Three HVAC System Design Tips for the Office

air duct

People spend a huge chunk of their time working in the office, so it is important for them to feel comfortable during their stay. Office workers who are at ease with their surroundings will be more likely to finish their workload efficiently. And one way company owners can provide their workers with an environment that is conducive to working is ideal office temperatures.

A well-designed heating, ventilation, and air-conditioning (HVAC) system is essential in achieving a pleasant work environment. This system should be regularly maintained so that it won’t cause the workers any problem at a time when they have to be more productive. Read on to learn more about the elements of efficient HVAC design and how to keep it running smoothly.

Schedule regular maintenance checks

This is the best way to maintain the efficiency of your system. Frequent checkups prolong the life of the system and ensure that it works well and provide your office space with efficient cooling and ventilation services. Regular maintenance checks also allow a technician to see if there is a need for an HVAC system repair for your commercial space in Utah.

Integrate sensors

installing sensor

Make use of the light and occupancy sensors that are available in smart buildings. Integrating these into the HVAC system will tremendously help in saving energy.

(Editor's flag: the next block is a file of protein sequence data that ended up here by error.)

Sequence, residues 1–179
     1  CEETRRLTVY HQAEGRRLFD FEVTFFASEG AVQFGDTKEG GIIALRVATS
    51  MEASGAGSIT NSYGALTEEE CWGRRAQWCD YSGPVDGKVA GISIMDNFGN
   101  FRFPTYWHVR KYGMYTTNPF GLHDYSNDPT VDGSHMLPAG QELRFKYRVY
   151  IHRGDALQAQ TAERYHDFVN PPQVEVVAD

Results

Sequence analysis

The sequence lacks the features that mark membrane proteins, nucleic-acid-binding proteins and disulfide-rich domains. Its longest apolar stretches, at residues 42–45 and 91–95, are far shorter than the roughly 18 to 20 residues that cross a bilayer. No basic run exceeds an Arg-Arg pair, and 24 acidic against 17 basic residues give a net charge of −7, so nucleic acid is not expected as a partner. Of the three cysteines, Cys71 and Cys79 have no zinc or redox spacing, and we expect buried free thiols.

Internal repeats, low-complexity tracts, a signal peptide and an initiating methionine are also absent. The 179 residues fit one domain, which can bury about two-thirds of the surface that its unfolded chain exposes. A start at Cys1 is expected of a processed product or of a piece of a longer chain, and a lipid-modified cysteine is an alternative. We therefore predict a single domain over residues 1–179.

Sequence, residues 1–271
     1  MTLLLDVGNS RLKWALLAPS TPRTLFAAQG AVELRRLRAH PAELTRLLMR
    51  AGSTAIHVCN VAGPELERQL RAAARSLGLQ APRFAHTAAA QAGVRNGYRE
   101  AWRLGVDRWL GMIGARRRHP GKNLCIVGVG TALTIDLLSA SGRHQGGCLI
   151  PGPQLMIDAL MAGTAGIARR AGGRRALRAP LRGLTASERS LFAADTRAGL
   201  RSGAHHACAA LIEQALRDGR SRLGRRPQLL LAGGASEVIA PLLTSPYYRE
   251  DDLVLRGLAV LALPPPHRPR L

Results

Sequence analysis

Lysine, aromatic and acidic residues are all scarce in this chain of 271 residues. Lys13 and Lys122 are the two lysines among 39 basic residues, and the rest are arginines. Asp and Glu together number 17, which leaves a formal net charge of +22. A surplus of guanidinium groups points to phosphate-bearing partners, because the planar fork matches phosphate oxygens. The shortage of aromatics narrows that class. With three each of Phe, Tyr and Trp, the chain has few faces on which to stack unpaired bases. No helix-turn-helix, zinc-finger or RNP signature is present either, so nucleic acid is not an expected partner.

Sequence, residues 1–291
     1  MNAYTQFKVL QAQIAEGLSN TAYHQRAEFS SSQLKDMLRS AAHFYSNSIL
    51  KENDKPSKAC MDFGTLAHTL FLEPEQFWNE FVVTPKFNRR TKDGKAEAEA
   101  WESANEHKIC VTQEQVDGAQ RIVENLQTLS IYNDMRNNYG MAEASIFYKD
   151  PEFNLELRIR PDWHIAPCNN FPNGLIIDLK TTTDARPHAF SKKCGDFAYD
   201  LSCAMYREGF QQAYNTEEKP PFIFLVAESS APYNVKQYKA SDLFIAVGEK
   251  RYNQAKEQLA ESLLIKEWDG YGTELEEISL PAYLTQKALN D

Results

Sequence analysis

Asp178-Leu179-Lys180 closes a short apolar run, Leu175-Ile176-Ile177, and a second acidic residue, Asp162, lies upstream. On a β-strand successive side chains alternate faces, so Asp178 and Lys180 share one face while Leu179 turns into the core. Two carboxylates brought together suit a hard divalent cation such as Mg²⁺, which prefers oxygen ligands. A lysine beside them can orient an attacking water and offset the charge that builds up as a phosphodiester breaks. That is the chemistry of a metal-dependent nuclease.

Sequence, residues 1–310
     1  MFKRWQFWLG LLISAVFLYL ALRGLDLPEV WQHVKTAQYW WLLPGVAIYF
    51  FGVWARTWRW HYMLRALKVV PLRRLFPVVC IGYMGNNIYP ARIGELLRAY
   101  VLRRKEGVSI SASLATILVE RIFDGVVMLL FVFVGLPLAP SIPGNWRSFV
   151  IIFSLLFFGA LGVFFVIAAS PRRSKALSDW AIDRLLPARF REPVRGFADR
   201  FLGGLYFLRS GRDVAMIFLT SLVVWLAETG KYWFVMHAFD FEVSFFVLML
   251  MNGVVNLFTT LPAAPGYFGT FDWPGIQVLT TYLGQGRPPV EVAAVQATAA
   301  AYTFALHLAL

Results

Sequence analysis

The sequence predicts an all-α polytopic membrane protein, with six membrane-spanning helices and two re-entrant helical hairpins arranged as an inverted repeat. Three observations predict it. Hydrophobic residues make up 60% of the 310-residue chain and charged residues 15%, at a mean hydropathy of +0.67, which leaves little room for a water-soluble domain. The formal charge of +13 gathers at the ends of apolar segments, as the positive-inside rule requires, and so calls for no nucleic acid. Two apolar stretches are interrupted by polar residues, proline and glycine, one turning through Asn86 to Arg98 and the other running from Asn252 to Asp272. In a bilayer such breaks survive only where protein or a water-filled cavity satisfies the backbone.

• Occupancy sensors track the number of people who are currently staying in a room. They can relay this message to the HVAC controls. For instance, when the sensor detects a large gathering of people in a specific area, the cooling there will be increased to accommodate the additional number of people.
  • Light sensors detect the amount of sunlight that enters a space, so they can adjust the lighting accordingly. These sensors can also be incorporated into the HVAC system, so they can send a signal to the controls to automatically adjust the heating and cooling as needed.

Separate the space into different zones

The office’s HVAC system design should have a lot of independently controlled zones within one open space. This is necessary because various areas require different temperature levels to remain sufficiently comfortable.

For instance, places that are usually occupied by crowds, such as the lunchroom, sleeping quarters, and conference rooms, require more cooling when there are occupants, and less if not currently in use. Outer areas, such as those near the doors and windows, are more affected by the weather and outside temperature than inner areas and therefore need to have separate temperature control.

An HVAC system that is efficiently designed works well in maintaining an indoor environment that is conducive to productivity and learning. Most importantly, it provides a healthy working environment for the office space’s occupants. Although temperature preferences may vary, the management should aim for a temperature that feels comfortable for the majority of office workers. According to research conducted by Lawrence Berkeley National Laboratory and the Finnish Institute of Occupational Health, the normal range of temperature that works best for most people is 21°C to 25°C or 70°F to 77°F.

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